Pouch Deposits

The Editor and the Readership

Have At It....

Once again, the issue is so late this time that we'll just dump out the mail and let you at it. I'm going to trim it a little more than usual, though. Well, a lot more than usual. Reason being that about 90% of the mail had to do with the PBEM Rating System that was up for a while (and will return as soon as I get some free time). I have decided not to publish any of those letters, but hope that all the correspondents and all the readers know that all the constructive comments that were sent (even those that I initially didn't take that way, since I was nigh buried under an avalanche of ratings-related mail there for a while) had input into what is to come. Elsewhere in this issue, you will find Tony Nichols' description of what is to come.

So, a representative sample of what remains in the mailbag appears below. Before we get to it, I'll just mention that we received complete solutions for Graeme Ackland's last Sherlock Holmes mystery, "The Great Disarmament Conundrum," from Rick Desper and Andres Egneus (and, I believe, from one or two others whose names I can't seem to find). We also found that a group of players established a game on an Internet judge (the game name was pointles) for the sole purpose of living the solution to that puzzle. No word on how that turned out.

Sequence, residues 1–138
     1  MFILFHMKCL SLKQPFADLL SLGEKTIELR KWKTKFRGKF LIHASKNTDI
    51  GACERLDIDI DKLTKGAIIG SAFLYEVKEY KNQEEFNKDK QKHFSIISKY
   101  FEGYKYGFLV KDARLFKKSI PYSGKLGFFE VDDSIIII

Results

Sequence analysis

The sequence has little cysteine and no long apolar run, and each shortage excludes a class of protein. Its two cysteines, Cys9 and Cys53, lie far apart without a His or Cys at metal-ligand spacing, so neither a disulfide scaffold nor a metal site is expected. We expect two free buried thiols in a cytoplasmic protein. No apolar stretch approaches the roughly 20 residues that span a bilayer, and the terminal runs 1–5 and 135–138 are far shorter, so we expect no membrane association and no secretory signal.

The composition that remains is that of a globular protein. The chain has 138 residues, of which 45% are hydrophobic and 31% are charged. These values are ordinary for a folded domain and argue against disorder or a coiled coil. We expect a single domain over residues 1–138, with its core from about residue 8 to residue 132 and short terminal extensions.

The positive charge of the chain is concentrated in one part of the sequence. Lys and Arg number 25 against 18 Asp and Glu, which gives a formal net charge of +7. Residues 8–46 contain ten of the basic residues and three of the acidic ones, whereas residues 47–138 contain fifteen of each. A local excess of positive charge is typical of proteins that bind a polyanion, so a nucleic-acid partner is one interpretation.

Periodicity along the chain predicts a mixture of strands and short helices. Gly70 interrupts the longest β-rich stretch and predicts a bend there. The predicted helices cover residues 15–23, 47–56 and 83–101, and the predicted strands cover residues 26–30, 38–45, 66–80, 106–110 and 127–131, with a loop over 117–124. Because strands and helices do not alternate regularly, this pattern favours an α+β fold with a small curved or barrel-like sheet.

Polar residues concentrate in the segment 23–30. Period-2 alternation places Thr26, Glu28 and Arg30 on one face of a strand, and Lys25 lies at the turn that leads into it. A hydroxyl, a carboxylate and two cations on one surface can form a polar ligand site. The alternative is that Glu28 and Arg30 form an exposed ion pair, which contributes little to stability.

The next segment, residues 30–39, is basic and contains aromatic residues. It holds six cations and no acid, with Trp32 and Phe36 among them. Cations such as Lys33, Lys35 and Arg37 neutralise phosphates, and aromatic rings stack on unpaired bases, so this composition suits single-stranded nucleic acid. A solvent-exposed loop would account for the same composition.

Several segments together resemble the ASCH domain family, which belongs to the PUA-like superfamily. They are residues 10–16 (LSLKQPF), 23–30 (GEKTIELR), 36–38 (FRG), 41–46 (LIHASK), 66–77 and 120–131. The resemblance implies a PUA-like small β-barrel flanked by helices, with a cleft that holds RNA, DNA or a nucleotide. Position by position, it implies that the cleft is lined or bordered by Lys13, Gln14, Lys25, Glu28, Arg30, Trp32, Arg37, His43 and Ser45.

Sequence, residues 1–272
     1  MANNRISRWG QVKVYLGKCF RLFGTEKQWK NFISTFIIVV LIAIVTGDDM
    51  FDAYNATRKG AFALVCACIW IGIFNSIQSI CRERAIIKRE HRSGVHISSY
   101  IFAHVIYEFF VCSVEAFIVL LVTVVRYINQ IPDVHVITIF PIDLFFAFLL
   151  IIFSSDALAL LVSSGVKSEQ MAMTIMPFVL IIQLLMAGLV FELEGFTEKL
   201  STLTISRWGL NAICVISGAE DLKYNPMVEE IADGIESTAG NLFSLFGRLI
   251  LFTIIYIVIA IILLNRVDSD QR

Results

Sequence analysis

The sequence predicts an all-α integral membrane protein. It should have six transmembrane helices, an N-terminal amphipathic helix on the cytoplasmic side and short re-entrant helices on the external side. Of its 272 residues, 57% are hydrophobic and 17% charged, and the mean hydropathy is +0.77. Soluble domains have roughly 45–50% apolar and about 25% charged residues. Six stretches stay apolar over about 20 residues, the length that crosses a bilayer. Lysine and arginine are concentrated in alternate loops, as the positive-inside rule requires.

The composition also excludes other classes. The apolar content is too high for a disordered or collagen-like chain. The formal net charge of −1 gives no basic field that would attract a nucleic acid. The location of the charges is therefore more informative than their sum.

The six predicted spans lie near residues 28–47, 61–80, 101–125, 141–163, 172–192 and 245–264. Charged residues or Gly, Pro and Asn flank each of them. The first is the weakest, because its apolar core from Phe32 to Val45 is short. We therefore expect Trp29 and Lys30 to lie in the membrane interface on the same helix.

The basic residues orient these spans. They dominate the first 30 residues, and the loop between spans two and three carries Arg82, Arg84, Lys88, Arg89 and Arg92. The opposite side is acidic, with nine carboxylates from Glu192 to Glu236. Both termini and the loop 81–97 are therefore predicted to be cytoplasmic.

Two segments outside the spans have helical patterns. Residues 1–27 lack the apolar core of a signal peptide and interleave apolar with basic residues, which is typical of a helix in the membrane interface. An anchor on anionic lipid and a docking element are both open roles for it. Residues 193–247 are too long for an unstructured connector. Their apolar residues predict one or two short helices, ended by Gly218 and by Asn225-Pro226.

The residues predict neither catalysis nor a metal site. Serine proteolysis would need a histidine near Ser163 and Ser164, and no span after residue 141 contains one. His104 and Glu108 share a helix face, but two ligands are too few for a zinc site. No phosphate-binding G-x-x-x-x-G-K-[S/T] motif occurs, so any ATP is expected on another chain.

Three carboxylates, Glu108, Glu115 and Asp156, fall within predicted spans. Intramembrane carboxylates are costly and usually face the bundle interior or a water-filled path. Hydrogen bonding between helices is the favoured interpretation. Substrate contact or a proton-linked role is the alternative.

Now, let's see what else we have in here....

First, Some Welcome News From the Former World Champion

From Cyrille Sevin (sevin@math.jussieu.fr):

I answer a little bit late, but I just returned to work after many weeks recovery from the coma. As for the accident, everything seems okay now, and I will not be left with any problems, neither mental nor physical, and fortunately, no one was involved in the crash but me, so all seems fine now.

Mail Received Concerning Conspiracy Theory

From Randy Hudson (ime@netcom.com):

I believe that Danny Loeb (France) intended to buy a lot of pounds once England was on the brink of elimination, and then orchestrate a resurgence of England. Such orchestration would require help from at least one other power. I assumed both France and Russia were involved, but apparently that is not the case.

And Russia (Pitt?) gave me enough hints that I was quite sure that the changes in fortune of the powers were being orchestrated by the leaders; I didn't know whether there was an explicit six-way conspiracy to do so.

Randy Hudson, replacement leader of England in dippouch

[So... it seems that the schemers were scheming! --Simon]

Mail Received Concerning Cheating Yourself

From Someone Named John (jt200497@aol.com):

I agree with the stupidity of emailing 2 or 3 sets of orders to a judge by a single player pretending to be 3 separate individuals. but what do you think about using free email accounts to email game players individually to spread rumour, gossip, lies, or heaven forbid!!! -- the truth!!!!

Mail Received Concerning The Great Disarmament Conundrum